The Problem With Commodities ETFs

|
 |  Includes: DBC, DBO, GLD, GSG, OIL, UNG, USO, XLE
by: Charles Armstrong

Last week, Hard Assets Investor published another one of my articles. In it, I compared the correlations between several energy ETFs and the prices of commodities they are tracking. The takeaway message is that, for the most part, ETFs do a bad job tracking commodities prices. There are a few reasons for this.

The first and primary reason why the correlation is less than perfect, is that the front-month futures contract for every commodity is constantly changing. Since most ETFs hold only the front-month contract, this means that sometime before expiration, the fund must sell its holding of one (soon to expire) contract and then purchase another (soon to be front-month) contract. There is almost always a significant discrepency between the two prices, particularly if it's a commodity that doesn't deliver every month.

Take a look at the futures chains on the CME group website for crude oil, gold, and corn. As of writing, the difference between the front month and second month contract is about 40¢, $1, and 10¢, respectively. That may not seem like much, but that price difference represents a pure loss in the value of the fund with every roll that takes place. Just to prevent declines, the fund would, on average, have to be increasing in value between 1 and 5% a month. That means that, depending on the commodity and the fund, a monthly percentage increase, if not sufficiently high, may actually mean you're losing money.

The second problem with ETFs is that they create a secondary market on top of what is already a volatile market in its own right. And, while the underlying instruments are the same for both, (futures contracts) the factors driving the supply and demand may be drastically different. For example, while natural gas might be moving up on strong demand resulting from a particular weather forecast, if the primary participants are energy hedgers, no such demand would exist for UNG, the world's biggest natural gas etf. As such, UNG might theoretically follow the price of gas with something of a lag, rather than actually track the price in real time.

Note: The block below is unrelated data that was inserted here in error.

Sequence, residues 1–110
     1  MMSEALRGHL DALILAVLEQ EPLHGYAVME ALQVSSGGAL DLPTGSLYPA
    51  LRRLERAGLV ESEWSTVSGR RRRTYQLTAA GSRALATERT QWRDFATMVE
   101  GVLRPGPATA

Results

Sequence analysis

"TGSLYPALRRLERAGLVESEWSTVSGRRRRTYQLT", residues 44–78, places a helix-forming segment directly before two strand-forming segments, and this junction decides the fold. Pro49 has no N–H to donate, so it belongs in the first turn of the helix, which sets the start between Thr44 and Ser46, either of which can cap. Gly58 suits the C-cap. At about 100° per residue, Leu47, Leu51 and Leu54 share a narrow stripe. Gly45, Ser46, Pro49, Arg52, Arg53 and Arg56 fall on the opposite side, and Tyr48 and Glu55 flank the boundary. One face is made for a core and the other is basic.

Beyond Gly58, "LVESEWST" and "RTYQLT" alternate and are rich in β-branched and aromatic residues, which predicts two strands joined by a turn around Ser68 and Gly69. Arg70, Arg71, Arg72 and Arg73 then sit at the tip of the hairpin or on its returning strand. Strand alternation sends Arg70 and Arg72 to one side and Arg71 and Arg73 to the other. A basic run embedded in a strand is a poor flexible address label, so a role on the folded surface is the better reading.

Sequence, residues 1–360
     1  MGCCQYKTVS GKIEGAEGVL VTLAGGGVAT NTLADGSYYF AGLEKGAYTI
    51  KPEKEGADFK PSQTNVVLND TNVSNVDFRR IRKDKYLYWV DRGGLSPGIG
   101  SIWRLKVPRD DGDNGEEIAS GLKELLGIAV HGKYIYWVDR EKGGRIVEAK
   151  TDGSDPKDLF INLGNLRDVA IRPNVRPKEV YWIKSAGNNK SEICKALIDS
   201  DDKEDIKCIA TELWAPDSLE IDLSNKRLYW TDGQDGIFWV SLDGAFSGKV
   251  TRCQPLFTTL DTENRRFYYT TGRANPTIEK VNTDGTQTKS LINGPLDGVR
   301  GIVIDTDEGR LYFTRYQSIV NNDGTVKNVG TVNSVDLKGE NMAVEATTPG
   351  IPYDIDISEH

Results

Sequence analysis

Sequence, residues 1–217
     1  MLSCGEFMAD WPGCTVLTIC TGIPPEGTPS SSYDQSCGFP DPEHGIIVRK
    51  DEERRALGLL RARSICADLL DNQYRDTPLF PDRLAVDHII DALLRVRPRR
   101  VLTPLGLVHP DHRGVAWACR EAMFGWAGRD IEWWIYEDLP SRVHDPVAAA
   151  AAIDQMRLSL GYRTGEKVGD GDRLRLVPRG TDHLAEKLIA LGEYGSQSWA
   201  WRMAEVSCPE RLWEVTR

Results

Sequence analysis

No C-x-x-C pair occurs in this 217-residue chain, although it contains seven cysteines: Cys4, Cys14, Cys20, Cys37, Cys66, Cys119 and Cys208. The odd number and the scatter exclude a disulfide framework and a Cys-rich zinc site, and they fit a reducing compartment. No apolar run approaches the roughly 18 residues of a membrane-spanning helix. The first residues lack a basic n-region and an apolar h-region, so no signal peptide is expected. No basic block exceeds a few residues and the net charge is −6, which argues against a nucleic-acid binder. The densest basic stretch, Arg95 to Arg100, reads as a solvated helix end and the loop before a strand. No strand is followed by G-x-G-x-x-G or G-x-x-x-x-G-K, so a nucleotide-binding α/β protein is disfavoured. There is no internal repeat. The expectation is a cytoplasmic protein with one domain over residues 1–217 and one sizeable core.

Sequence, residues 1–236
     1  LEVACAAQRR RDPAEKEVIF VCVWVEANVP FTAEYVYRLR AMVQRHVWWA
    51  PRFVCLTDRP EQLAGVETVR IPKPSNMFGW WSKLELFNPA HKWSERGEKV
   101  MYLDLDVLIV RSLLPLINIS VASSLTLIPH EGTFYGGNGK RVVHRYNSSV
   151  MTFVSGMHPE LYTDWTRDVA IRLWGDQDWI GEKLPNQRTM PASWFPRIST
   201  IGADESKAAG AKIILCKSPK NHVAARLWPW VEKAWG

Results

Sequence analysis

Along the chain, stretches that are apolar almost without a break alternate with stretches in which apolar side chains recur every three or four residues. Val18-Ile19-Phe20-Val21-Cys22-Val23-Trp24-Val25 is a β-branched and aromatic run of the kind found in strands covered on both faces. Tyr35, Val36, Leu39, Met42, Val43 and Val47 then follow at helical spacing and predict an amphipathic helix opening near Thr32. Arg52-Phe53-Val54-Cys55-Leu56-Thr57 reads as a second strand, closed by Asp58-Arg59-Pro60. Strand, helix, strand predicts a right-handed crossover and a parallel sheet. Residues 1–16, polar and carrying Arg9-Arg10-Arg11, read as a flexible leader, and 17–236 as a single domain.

Don't take my word for it, take a look at this graph comparing oil price movements with the price of USO, the world's biggest crude oil ETF, over the last four years (view the full Crude vs USO chart at Wikinvest).

Now, you might be saying "those charts seem to follow each other reasonably well" but that's the problem. Reasonably well isn't good enough. An investor buying a share or shares in a commodity ETF that puportedly tracks the price of a commodity wants her investment to actually do just that, not merely track the price "reasonably well".

It's true that there are some ETFs, especially those dealing with precious metals, that eliminate the problem of the roll yield altogether simply by buying and hoarding the commodity in question and storing it in a vault somewhere; no futures contracts required.

While certainly effective in mitigating the problem, this only works for a very specific subset of commodities that do not have a cliff for their usefulness. Other than those few cases, in general, the moral is that if you really, truly want exposure to commodities, don't waste your time with an ETF. As they stand, very few of them can be relied upon to achieve their goals.

Though that may change in the future, for now, your best bet is get into the futures market directly.

Disclosure: No positions